“I’ve been trying to put my resignation in to Sawyer for the last week, but was not able to get ahold of him,” Ryan Boone, a current employee of the Greenhouse Tavern, told Scene Thursday. “And then he came in yesterday and said we were closing, so there’s really no point in officially resigning.”
Boone, who worked his way up from back waiter to executive sous chef over the course of three and a half years, was frustrated at the lack of support he and his colleagues had been receiving for some time.
He also saw the writing on the wall, as did most of his colleagues, that the restaurant was running on fumes.
But the situation became unacceptable in recent weeks as the financial situation grew even more dire. Boone, and others I spoke to, were motivated to come forward in an effort to separate their actions from those of ownership.
“At the end, what frustrated me the most – and why I wanted to reach out to Scene
– is I saw a lot of these comments about Metal dinner tickets and cooking class tickets…,” he explains. “It seemed to me that we knew where we were headed when we chose to sell those tickets and that wasn’t the most ethical business practice, and it kind of put a bad taste in my mouth because I had friends buying tickets for these classes that I didn’t think we would be open for.”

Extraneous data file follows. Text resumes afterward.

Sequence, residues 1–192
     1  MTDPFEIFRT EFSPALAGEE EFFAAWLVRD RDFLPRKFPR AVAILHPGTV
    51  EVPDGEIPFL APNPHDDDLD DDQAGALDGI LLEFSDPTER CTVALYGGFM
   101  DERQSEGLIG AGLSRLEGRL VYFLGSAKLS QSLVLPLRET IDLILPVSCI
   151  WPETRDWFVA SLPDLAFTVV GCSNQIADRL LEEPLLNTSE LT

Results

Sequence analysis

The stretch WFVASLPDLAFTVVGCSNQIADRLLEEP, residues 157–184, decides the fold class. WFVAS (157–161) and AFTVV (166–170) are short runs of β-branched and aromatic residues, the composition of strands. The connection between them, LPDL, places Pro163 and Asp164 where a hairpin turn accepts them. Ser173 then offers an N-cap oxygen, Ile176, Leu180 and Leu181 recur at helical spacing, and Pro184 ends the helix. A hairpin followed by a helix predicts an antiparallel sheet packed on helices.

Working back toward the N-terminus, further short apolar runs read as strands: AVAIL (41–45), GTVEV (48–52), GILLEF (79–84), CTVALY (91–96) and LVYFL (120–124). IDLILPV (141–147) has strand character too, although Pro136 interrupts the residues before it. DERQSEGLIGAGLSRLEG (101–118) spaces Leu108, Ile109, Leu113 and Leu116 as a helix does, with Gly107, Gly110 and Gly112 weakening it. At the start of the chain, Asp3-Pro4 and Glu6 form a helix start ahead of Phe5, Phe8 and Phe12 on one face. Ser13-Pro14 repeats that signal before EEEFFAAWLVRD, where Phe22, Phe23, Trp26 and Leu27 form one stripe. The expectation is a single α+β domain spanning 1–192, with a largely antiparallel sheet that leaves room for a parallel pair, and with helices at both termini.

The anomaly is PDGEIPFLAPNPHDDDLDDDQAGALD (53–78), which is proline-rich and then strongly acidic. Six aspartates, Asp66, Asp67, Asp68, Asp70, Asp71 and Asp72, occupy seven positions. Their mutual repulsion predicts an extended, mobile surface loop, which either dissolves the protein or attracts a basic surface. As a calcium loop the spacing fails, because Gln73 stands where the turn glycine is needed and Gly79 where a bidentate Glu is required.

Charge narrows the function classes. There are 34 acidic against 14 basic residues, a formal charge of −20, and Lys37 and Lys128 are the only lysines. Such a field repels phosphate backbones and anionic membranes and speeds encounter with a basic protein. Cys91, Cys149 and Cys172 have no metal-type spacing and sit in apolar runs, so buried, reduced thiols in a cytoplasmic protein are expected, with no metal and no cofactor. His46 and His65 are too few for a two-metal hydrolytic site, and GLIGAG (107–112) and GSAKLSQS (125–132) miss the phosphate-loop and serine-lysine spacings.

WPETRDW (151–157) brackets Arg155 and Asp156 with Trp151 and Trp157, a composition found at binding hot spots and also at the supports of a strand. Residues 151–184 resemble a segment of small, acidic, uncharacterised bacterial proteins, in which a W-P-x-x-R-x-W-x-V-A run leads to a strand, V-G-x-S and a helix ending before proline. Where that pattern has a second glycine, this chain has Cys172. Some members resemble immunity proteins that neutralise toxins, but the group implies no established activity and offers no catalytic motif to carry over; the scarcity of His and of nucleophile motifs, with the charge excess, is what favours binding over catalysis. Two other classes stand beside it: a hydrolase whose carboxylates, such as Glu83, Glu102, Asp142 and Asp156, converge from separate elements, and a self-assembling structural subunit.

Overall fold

In the wake of the stunning news that Greenhouse Tavern would be closing its doors after a successful 11-year run, emotions are riding high. Sadness, disappointment and loss felt by Cleveland diners are, perhaps, the most visible reactions to the news. But those feelings likely pale in comparison to the ones currently being felt by the dedicated employees who managed to keep this boat afloat despite some very turbulent seas.
These are not disgruntled staffers with an axe to grind, but rather loyal chefs and servers and managers who were proud of the work they were doing and simply wanted to keep doing it. But they were thwarted at every turn by an absent leader, inconsistent operations policies, mismanagement of financial resources, and lack of investment into staff, equipment and even food supplies.
“It’s not that I want to slander Chef or beat his name into the ground, but I think, also, it’s kind of frustrating to see,” Boone adds. “I’ve been there three and a half years and watched less investment come back in until basically it’s whittled down to nothing.”
Boone says that during his tenure he watched as the number of chefs in the kitchen diminished from six chefs to four to three. Another chef reports that only two out of three ovens work, with the door to the third one drilled shut to prevent it from falling over and injuring more people.